In addition to standard activation functions, DeepCA also allows for enforcing additional constraints that encode prior knowledge. For our example of single-image depth prediction with a sparse set of known outputs provided as prior knowledge, the penalty function on the final output is where the selector matrix extracts the indices corresponding to the known outputs in . The associated proximal operator projects onto this constraint set by simply correcting the outputs that disagree with the known constraints. Note that this would not be an effective output nonlinearity in a feed-forward network because, while the constraints would be technically satisfied, there is nothing to enforce that they be consistent with neighboring predictions leading to unrealistic discontinuities. In contrast, DeepCA inference minimizes the reconstruction error at each layer subject to these constraints by taking multiple iterations through the network.

3.2 Inference by the Alternating Direction Method of Multipliers

With the model parameters fixed, we solve our DeepCA inference problem using the Alternating Direction Method of Multipliers (ADMM), a general optimization technique that has been successfully used in a wide variety of applications [20]. To derive the algorithm applied to our problem, we first modify our objective function by introducing auxiliary variables that we constrain to be equal to the unknown coefficients , as shown in Eq. 7 below.


From this, we construct the augmented Lagrangian with dual variables and a quadratic penalty hyperparameter that can affect convergence speed:


The ADMM algorithm then proceeds by iteratively minimizing with respect to each set of variables with the others fixed, breaking our full inference optimization problem into smaller pieces that can each be solved in closed form. Due to the decoupling of layers in our DeepCA model, the latent activations can be updated incrementally by stepping through each layer in succession, resulting in faster convergence and updates that mirror the computational structure of deep neural networks. With only one layer, our objective function is separable and so this algorithm reduces to the classical two-block ADMM, which has extensive convergence guarantees [20]. For multiple layers, however, this algorithm can be seen as an instance of the cyclical multi-block ADMM with quadratic coupling terms. While our experiments have shown this approach to be effective in our applications, theoretical analysis of its convergence properties is still an active area of research [43].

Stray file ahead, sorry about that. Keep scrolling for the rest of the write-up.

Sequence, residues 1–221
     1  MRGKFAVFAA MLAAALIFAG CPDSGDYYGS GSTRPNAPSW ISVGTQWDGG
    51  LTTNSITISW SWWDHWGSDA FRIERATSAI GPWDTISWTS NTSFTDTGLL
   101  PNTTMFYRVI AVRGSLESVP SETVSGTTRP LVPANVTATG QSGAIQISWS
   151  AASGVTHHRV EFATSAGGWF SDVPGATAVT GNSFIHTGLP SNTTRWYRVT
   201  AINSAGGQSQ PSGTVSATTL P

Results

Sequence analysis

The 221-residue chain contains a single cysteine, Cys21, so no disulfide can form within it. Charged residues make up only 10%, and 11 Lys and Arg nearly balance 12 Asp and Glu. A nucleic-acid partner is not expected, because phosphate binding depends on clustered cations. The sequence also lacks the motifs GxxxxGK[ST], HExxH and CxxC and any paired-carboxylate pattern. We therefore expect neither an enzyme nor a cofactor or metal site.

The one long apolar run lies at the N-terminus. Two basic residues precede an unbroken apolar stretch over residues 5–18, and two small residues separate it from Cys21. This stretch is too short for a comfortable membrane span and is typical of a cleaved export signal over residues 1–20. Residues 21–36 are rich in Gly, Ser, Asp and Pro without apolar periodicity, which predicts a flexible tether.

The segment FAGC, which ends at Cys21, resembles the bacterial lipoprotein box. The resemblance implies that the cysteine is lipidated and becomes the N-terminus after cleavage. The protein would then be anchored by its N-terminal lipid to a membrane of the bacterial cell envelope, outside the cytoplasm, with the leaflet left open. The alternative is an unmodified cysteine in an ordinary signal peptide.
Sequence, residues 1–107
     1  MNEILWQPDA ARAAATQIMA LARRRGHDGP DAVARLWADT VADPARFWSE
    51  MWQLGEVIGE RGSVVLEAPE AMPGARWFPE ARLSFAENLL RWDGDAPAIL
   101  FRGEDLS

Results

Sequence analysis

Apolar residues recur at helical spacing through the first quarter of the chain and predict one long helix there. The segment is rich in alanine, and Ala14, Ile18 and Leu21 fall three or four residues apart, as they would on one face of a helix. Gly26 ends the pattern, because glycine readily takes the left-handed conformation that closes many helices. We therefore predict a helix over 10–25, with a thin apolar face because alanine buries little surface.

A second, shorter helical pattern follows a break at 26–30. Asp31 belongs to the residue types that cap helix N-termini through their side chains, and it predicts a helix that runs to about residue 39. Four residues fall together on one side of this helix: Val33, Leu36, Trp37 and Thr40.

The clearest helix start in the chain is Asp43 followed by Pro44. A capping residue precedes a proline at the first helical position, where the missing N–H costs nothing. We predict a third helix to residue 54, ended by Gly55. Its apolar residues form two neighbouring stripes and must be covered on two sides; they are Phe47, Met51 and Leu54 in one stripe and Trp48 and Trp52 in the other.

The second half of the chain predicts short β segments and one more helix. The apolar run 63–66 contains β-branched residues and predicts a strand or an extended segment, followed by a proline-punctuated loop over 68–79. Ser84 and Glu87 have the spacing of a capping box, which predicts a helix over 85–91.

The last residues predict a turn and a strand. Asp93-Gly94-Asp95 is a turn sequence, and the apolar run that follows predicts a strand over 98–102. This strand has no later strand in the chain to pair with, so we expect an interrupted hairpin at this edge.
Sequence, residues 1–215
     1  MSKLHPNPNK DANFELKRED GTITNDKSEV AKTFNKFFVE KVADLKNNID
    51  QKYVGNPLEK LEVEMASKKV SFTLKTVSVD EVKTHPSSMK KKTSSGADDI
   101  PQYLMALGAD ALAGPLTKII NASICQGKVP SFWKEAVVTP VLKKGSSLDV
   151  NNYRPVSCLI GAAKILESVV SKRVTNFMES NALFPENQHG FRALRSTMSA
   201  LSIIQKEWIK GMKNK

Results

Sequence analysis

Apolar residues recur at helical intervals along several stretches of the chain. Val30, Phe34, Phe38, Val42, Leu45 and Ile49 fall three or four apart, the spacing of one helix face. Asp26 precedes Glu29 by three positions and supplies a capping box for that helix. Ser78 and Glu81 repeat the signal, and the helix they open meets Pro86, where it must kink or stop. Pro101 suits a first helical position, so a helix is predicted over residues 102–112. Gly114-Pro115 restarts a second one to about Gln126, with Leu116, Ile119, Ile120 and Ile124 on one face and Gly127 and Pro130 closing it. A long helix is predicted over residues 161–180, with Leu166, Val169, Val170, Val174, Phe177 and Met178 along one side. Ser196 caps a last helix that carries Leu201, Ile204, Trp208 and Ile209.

A single iteration of our algorithm proceeds by taking the following steps for all layers :

  1. First, is updated by minimizing the Lagrangian after fixing the associated auxiliary variable from the previous iteration along with that of the previous layer from the current iteration:


    The solution to this unconstrained least squares problem is found by solving a linear system of equations.

  2. Next, is updated by fixing the newly updated along with the next layer’s coefficients from the previous iteration:


    This is the proximal minimization problem from Eq. 5, so its solution is given in closed form via the proximal operator associated with the penalty function . For , its argument is a convex combination of the current coefficients and feedback that enforces consistency with the next layer.

  3. Finally, the dual variables are updated with scaled constraint violations.


This process is then repeated until convergence. Though not available as a closed-form expression, in the next section we demonstrate how this algorithm can be posed as a recurrent generalization of a feed-forward neural network.

4 Alternating Direction Neural Networks

Our inference algorithm essentially follows the same pattern as a deep neural network: for each layer, a learned linear transformation is applied to the current output followed by a fixed nonlinear function. Building upon this observation, we implement it using a recurrent network with standard layers, thus allowing the model parameters to be learned using backpropagation.

Recall that the update in Eq. 9 requires solving a linear system of equations. While differentiable, this introduces additional computational complexity not present in standard neural networks. To overcome this, we implicitly assume that the parameters in over-complete layers are Parseval tight frames, i.e. so that . This property is theoretically advantageous in the field of sparse approximation [44] and has been used as a constraint to encourage robustness in deep neural networks [45]. However, in our experiments we found that it was unnecessary to explicitly enforce this assumption during training; with appropriate learning rates, backpropagating through our inference algorithm was enough to ensure that repeated iterations did not result in diverging sequences of variable updates. Thus, under this assumption, we can simplify the update in Eq. 9 using the Woodbury matrix identity as follows:


As this only involves simple linear transformations, our ADMM algorithm for solving the optimization problem in our inference function can be expressed as a recurrent neural network that repeatedly iterates until convergence. In practice, however, we unroll the network to a fixed number of iterations for an approximation of optimal inference so that . Our full algorithm is summarized in Algs. 4 and 4.

Algorithm 1:  Feed-Forward Input: , Output: , Initialize: for  do        Pre-activation: Activation: end for Algorithm 2:  Alternating Direction Neural Network Input: , Output: , Initialize: , from Alg. 4 for  do        for  do              Dual: Update (Eq. 11) Pre-activation: Update (Eq. 12) Activation: Update (Eq. 10)        end for        end for

4.1 Generalization of Feed-Forward Networks

Given proper initialization of the variables, a single iteration of this algorithm is identical to a pass through a feed-forward network. Specifically, if we let and , where we again denote , then is equivalent to the pre-activation of a neural network layer: